Malawi is small, landlocked country in southeast Africa, with an estimated population of a little over fourteen
million people. The predominant language is Chichewa, and almost 80 percent of the population practices Christianity.
Known as the "warm heart of Africa", the people are friendly and kind. Malawi remains one of the world’s poorest
countries. Bad weather conditions leading to bad harvest, chronic poverty and a high prevalence of HIV/AIDS and
cholera have kept the people of Malawi in a dire humanitarian situation. Approximately half of Malawi’s population
struggles to survive on less than $1.00 per day. The continuing food insecurity in this country also amplifies
risks for developing diseases such as AIDS and cholera. Malawi’s infant and under-five mortality rates, which are
110 and 175 per 1,000 live births, respectively, remain the world’s highest. Worldwide, hunger and malnutrition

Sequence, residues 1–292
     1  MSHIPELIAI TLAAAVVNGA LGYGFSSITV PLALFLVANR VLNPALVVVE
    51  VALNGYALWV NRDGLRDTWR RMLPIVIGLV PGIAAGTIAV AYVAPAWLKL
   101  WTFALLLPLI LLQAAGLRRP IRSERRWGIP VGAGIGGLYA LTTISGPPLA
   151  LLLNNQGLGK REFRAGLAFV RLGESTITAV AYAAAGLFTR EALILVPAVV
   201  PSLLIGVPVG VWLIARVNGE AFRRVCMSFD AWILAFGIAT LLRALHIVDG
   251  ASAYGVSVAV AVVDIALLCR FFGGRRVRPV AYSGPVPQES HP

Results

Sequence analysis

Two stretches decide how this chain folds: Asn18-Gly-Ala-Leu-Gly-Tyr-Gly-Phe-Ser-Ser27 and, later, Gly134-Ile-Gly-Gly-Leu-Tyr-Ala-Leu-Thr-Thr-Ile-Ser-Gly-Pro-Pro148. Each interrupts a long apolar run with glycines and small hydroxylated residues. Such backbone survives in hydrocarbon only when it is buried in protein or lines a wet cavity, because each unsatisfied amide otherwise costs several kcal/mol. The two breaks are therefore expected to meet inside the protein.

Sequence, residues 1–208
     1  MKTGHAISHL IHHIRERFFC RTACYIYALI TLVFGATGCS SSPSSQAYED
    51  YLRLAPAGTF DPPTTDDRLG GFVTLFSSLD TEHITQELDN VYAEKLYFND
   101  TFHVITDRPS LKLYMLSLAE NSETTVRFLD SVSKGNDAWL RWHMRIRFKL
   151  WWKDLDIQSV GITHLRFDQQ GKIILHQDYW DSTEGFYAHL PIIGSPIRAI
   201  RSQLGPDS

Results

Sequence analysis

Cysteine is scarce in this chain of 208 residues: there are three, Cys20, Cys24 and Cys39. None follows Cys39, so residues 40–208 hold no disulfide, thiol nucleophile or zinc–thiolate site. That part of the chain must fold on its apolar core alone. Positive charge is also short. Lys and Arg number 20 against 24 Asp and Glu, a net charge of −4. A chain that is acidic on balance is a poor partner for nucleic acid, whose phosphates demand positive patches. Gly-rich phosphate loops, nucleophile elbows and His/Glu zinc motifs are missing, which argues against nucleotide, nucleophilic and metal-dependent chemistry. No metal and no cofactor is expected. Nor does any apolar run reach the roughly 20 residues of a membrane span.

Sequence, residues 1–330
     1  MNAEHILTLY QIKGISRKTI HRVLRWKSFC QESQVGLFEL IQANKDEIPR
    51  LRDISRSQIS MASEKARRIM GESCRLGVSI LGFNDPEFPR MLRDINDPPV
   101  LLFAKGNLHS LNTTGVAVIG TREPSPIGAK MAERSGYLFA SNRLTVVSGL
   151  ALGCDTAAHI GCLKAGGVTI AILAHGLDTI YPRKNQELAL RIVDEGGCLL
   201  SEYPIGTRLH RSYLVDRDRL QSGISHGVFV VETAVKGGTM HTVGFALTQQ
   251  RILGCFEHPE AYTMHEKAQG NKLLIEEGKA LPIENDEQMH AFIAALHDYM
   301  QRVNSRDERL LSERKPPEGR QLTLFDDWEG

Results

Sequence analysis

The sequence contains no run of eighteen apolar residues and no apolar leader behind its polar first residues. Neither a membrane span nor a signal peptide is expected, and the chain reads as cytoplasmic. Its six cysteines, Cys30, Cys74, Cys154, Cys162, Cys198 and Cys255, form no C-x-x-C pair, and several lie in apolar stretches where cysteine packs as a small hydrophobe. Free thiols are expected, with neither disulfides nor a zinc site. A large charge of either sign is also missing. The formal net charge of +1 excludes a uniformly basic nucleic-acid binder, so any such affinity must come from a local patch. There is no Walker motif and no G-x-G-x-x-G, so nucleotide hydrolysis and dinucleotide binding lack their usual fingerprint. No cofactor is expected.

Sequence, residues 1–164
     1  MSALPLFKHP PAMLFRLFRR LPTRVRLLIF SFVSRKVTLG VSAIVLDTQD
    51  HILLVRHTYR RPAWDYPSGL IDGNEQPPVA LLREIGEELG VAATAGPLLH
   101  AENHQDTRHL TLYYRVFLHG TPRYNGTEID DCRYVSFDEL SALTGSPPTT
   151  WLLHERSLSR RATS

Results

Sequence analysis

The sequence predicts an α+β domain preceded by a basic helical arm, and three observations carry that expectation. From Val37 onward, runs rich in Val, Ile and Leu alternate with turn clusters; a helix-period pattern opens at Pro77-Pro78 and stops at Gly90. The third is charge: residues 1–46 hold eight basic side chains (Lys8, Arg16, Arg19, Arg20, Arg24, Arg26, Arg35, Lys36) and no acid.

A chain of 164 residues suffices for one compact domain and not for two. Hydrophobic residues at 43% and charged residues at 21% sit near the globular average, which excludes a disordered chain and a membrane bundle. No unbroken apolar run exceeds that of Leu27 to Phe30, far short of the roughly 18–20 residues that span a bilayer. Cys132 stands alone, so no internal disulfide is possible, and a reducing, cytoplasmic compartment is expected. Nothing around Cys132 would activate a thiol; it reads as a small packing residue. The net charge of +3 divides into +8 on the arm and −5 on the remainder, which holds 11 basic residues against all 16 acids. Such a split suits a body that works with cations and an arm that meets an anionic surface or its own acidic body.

kill more people that AIDS, malaria, and TB combined.
- HIV/AIDS affects nearly one million people in Malawi, including 83,000 children
- A third of all HIV infected mothers pass the virus onto their babies
- Half of Malawi’s one million orphans have lost one or both parents to AIDS
- Child abuse, sexual exploitation and child labor are serious problems among girls and orphans
- Approximately 48 percent of children under the age of five in Malawi are stunted, due to malnutrition
- 22 percent of the country’s children are underweight
- 5 percent of children are wasted or severely malnourished
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